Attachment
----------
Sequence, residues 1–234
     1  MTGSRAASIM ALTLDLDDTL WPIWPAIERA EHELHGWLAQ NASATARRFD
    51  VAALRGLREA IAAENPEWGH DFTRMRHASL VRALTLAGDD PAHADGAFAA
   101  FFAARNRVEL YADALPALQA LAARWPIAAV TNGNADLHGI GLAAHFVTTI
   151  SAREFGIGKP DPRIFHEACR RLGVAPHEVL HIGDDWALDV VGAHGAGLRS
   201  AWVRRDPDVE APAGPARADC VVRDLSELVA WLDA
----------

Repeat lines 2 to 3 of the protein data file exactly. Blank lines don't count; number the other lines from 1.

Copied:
     1  MTGSRAASIM ALTLDLDDTL WPIWPAIERA EHELHGWLAQ NASATARRFD
    51  VAALRGLREA IAAENPEWGH DFTRMRHASL VRALTLAGDD PAHADGAFAA